This denial of novelty was partly tactical: quite understandably, they had no intention of handing their Catholic opponents a free propaganda gift by suggesting that earlier English Bibles had been falsely translated. But it also squares with what we know of the translation process. Even though the title page of the first edition describes it as “newly translated out of the original tongues”, the KJB as first conceived was not intended to be either new or original. The official instructions given to the translators were to follow “the ordinary Bible read in the church, commonly called the Bishops’ Bible”, leaving it “as little altered as the truth of the original will permit”. The one surviving account of the translators at work suggests that this policy of minimal intervention was followed very faithfully: “they met together, and one read the translation, the rest holding in their hands some Bible of the learned tongues, or French, Spanish, Italian, etc; if they found any fault they spoke, if not he read on”.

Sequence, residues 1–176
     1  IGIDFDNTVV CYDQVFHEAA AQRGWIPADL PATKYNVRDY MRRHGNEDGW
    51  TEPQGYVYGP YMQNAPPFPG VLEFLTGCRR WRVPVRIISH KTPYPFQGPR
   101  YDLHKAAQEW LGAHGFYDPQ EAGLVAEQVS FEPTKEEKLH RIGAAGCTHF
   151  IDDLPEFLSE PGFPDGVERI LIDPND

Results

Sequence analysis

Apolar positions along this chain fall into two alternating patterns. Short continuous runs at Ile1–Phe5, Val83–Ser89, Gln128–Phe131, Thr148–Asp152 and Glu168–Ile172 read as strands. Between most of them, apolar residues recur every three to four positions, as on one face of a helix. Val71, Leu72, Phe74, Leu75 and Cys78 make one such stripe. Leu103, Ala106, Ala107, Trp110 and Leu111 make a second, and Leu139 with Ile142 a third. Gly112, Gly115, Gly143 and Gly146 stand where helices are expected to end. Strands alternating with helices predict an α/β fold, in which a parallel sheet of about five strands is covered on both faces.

As for the literary style of the new Bible – so often regarded as its greatest glory – there is little sign that the translators paid it much attention. For the most part, it seems, they were content to take care of the sense and leave the sounds to take care of themselves. In The King James Bible: A short history from Tyndale to today, Norton highlights a discussion recorded by John Bois, one of the translators, over the rendering of Hebrews 13:8 – “Jesus Christ the same yesterday, and today, and for ever”. Another of the translators, Andrew Downes, proposed an alternative wording, “Jesus Christ yesterday, and today the same, and for ever”, arguing that “if the words be arranged in this manner, the statement will be more majestic”. It is easy to imagine – indeed, hard not to imagine – such debates occurring again and again as the translators weighed one form of words against another, yet, astonishingly, this is the only clear instance that Norton has been able to find of the translators accepting or rejecting a proposed reading on its literary merits. Here again they were faithful to their instructions, which gave them no mandate to revise the existing translation for reasons of style.